Maryland workers will gather in protest of the state’s ongoing failure to process unemployment claims filed during the COVID-19 crisis.
A group of Maryland residents and legislators rallied outside Maryland’s Department of Labor building in Baltimore on Wednesday, demanding that the state immediately release unemployment benefits to residents who have been waiting weeks to receive payment.
Led by Our Revolution Maryland, the group demanded that Gov. Larry Hogan, a Republican, and the Department of Labor immediately release unemployment funding for claims that have been outstanding for four weeks or more as well as remove “procedures that cause unreasonable delays to payment.”
“This is a crisis and we’re addressing this as if it is not a crisis,” Anne Arundel County Del. Heather Bagnall, a Democrat, said.
The group is demanding eight actions be taken to bolster support for unemployed Marylanders, including expanding access to Medicaid to aid those who’ve lost their employer-provided insurance policy.
Chrissy Holt, a 53-year-old Anne Arundel resident who works in training and development and is one of the organizers with Our Revolution Maryland, was placed on furlough April 19 and said neither she nor her unemployed husband has received any payment.
She said hers is one of the more fortunate stories because she has decent savings to fall back on to help cover immediate living costs.
However, she said, if the current conditions persist for much longer, it could mean her two sons, who are juniors at Westminster College and Johns Hopkins University, won’t have the money to get their degrees.
She was also adamant about Maryland expanding access to health care during the pandemic, saying officials have pushed unemployed workers to purchase health insurance through the Maryland Health Connection.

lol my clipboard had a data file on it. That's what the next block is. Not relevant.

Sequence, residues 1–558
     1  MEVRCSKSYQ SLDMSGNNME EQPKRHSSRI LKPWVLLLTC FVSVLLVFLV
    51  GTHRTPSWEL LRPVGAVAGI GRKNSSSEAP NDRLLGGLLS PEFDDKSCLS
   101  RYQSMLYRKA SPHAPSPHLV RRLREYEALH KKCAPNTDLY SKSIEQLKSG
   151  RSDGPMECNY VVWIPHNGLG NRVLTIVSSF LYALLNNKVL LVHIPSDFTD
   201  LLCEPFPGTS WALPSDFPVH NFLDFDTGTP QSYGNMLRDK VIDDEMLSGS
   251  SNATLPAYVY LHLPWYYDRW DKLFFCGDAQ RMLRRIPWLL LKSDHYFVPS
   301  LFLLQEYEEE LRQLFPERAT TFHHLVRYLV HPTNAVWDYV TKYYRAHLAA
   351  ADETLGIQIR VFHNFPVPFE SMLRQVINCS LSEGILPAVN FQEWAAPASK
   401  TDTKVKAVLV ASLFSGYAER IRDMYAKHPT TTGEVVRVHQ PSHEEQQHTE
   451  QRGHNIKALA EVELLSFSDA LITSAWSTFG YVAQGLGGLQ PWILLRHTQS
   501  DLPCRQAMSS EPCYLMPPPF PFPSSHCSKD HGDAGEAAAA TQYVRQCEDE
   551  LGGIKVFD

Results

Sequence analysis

She said it is a “crime against humanity” to not expand free access to health care during a pandemic.
“If you don’t have an unemployment check, and you can’t pay your rent and mortgage and you can’t feed your kids, you are not going to pay for insurance,” Holt said.
And while the Hogan administration says it has worked to address many of the problems, Marylanders say they’re still dealing with an obtuse filing system that often leaves them with more questions than answers.
Sheila Fleet, who was laid off by Walsh Construction in March, said she became “stuck in Beacon hell” when she tried to file for unemployment.
The 49-year-old Waldorf resident told The Sun that agents had trouble finding her W-2 paperwork, even though she included it with her claim, and that several emails only led to generic responses directing her to the Beacon One-Stop online portal.
Labor Department spokeswoman Fallon Pearre wrote in an email that the state is still tied to federal guidelines for determining who is eligible for unemployment benefits.
“Maryland was one of the first states in the country to pay unemployment benefits for all three CARES Act programs,” Pearre wrote of the federal government’s $2.2 trillion coronavirus relief package. “Because we acted early, we have paid out well over $2 billion in benefits to hundreds of thousands of Marylanders.
“However, the U.S. Department of Labor continues to reiterate that we must verify the eligibility of all claimants to maintain program integrity.”
Bagnall, who sits on the House of Delegates’ Health and Government Operations Committee, pushed back against that notion at the protest Wednesday.
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Bagnall said that when delegates began discussing adjourning the session early in February among COVID-19-related concerns, part of the decision to do so was that “the governor had the fiscal authority to take care of our Marylanders.”
“And in good faith, we adjourned early, knowing that the governor had that fiscal authority,” she said. “So we made a promise to Marylanders. We asked them to stay home.
“And then, we didn’t make good on that promise.”
Holt said she feels as though there’s a disassociation between people’s claims and their pain, saying that the state “purged people from the system” as it has denied applications for benefits.
“They should pay it and ask questions later,” Holt said.